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Syanne Centeno’s grandfather, Manuel Centeno Sr., is her hero.
A veteran of the U.S. Marine Corps, Manuel Centeno took a young Syanne on adventures in rescuing stray animals near their home in the U.S. Virgin Islands.
Manuel Centeno always had a soft spot for animals and was known around town as the man to go to if you spotted a stray in need of a home or aid.
His influence was felt by his granddaughter, who is currently studying veterinary medicine at the College of Southern Maryland
“If I didn’t have him, maybe I wouldn’t be the way I am,” said Centeno, who works at a local pet store and is a certified veterinary assistant.
About three years ago, the family saw Manuel’s health declining. The 78-year-old was forgetting to eat, and after a fall that resulted in fracturing his neck, his health started going downhill.
He was diagnosed with Alzheimer’s disease, something that frightened Syanne Centeno a bit.
“I did a little bit of research,” she said. “He is my idol, I didn’t want to think about him getting worse and he’s going to get worse.
“I don’t know what it’s like,” to suffer from the disease, Centeno said. “But I know how much it hurts the family.”
One in two people 85 and older and one in eight 65 or older will develop Alzheimer’s, according to research conducted by the Alzheimer’s Association. That’s 5.4 Americans living with the disease 5.3 million who are 65 and older and 200,000 younger than 65. In Maryland, there are 86,000 people with Alzheimer’s, 130,000 in Virginia and 9,100 in Washington, D.C.
By 2050, 16 million will have the diease, according to the research reports.
“It is an epedmic, it is a health crisis in our country,” said Susan Kudla Finn, president and CEO of the Alzheimer's Association National Capital Area chapter. “It is really a silver tsunami.”
It is the nation’s sixth leading cause of death, and the only one in the top 10 causes that has no way to prevent, cure or slow down its progression.
More than 15 million Americans provide unpaid care valued at $210 billion for persons with Alzheimer's and other dementias, according to the research.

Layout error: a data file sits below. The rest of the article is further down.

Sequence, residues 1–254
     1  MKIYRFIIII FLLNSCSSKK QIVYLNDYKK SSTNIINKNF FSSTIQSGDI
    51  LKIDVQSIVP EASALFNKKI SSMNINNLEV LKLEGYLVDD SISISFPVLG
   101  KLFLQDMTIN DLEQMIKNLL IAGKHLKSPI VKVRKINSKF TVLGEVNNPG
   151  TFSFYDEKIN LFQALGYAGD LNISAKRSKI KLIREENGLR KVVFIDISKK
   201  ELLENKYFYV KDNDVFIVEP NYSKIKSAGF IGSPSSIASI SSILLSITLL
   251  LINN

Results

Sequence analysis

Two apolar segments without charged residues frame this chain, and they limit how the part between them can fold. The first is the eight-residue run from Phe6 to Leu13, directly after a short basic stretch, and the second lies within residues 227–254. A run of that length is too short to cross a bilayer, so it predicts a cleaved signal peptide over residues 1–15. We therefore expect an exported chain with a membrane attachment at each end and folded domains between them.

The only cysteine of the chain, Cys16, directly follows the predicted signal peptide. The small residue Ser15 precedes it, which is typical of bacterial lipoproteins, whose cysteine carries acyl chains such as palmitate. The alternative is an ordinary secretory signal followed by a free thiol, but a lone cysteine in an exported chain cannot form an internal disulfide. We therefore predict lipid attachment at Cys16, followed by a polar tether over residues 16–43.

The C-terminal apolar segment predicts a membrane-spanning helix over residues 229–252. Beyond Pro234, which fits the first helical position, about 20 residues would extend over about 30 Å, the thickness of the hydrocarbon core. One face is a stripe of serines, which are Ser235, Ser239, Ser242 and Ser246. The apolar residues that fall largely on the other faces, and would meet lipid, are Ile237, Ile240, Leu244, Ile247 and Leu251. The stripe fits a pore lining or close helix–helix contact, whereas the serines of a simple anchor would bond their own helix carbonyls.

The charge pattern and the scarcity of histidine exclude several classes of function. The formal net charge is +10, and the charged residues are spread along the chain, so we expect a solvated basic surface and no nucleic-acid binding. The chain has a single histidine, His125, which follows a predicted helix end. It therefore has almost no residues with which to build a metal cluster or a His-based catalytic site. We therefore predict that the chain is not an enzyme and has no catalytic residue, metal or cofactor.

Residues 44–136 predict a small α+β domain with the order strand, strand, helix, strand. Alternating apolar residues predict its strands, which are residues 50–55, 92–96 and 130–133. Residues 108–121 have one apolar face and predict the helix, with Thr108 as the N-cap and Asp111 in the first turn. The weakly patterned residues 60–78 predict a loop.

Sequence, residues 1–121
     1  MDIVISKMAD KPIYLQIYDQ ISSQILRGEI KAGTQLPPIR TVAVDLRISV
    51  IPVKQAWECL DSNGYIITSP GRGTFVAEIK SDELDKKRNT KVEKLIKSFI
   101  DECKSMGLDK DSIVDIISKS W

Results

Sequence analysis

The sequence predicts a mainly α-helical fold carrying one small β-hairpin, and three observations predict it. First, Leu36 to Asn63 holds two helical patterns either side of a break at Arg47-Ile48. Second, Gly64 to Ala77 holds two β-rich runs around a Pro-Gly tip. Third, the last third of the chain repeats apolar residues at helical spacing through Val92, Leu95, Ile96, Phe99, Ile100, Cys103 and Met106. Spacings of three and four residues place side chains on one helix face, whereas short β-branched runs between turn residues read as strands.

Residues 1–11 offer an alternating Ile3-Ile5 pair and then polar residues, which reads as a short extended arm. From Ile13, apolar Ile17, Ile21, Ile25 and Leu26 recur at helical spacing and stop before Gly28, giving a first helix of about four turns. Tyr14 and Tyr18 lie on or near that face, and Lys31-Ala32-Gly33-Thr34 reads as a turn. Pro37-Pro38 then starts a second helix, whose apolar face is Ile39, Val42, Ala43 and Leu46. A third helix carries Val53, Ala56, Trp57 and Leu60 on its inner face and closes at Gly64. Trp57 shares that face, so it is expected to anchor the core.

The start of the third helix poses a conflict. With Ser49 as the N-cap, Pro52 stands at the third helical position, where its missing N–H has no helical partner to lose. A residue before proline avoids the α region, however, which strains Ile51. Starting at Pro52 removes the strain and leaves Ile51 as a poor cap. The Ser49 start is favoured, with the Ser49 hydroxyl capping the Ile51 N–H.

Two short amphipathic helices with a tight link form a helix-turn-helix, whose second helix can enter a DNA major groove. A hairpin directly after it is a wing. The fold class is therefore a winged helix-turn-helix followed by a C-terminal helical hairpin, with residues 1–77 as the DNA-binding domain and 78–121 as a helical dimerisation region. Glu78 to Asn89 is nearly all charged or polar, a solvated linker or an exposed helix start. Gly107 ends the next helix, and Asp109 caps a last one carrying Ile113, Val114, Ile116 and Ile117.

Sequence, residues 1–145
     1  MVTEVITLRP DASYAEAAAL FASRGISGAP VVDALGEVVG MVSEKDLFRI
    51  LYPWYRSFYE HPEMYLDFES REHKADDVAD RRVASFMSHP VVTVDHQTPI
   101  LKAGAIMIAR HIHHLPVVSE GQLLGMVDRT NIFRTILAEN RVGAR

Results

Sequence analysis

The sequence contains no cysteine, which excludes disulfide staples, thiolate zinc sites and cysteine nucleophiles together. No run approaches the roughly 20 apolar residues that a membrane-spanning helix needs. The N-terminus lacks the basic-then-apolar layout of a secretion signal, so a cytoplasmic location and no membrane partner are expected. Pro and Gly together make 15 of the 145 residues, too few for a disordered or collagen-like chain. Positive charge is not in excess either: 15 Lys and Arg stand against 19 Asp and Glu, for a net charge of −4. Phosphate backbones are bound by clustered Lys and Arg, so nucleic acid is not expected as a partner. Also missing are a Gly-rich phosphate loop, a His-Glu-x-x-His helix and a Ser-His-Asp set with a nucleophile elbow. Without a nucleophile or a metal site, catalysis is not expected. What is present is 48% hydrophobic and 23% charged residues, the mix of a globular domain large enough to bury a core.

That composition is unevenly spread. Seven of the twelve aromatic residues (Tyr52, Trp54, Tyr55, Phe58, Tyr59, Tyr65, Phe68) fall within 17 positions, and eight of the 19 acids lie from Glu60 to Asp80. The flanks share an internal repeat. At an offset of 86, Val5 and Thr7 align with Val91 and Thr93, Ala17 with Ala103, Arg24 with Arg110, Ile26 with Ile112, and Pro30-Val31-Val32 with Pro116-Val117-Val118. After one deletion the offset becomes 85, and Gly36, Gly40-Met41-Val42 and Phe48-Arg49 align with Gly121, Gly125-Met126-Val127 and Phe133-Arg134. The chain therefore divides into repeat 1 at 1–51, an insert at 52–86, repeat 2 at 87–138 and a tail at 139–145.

The association provides education and support not only to people suffering from Alzheimer’s but to caregivers as well, Finn said. Services include a 24/7 toll-free help line, support groups, care consultations, services for those in the early stages of the disease, safety programs and education programs for patients, families, caregivers and the public.
Since 1989, the association has been holding walks to fund research and education.
The Walk to End Alzheimer’s will be Sept. 15 at Regency Furniture Stadium in Waldorf and at Asbury-Solomons Island in Solomons.
So far, both the Waldorf and Solomons walks have about 700 participants each registered, but organizers anticpate more signing up on the morning of the event.
Syanne Centeno, her boyfriend, Shane Patterson and parents, Manuel Centeno Jr. and Elba Cruz of Hughesville will be participating in the Waldorf walk.
“If I could, I would visit him, but finances and time hasn't allowed that. So I am doing this walk for him and all the others suffering,” Centeno said.
“This is for the families and friends who suffer watching their loved ones suffer. This is to end and prevent Alzheimer’s so no one has to face the pain of watching their loved ones slowly slip away.”
So far, Manuel recognizes his granddaughter’s voice on the phone.
“He remembered me, sometimes he gets names mixed up, but he always seems to know it’s my voice on the phone,” Centeno said. “He’s my favorite person.”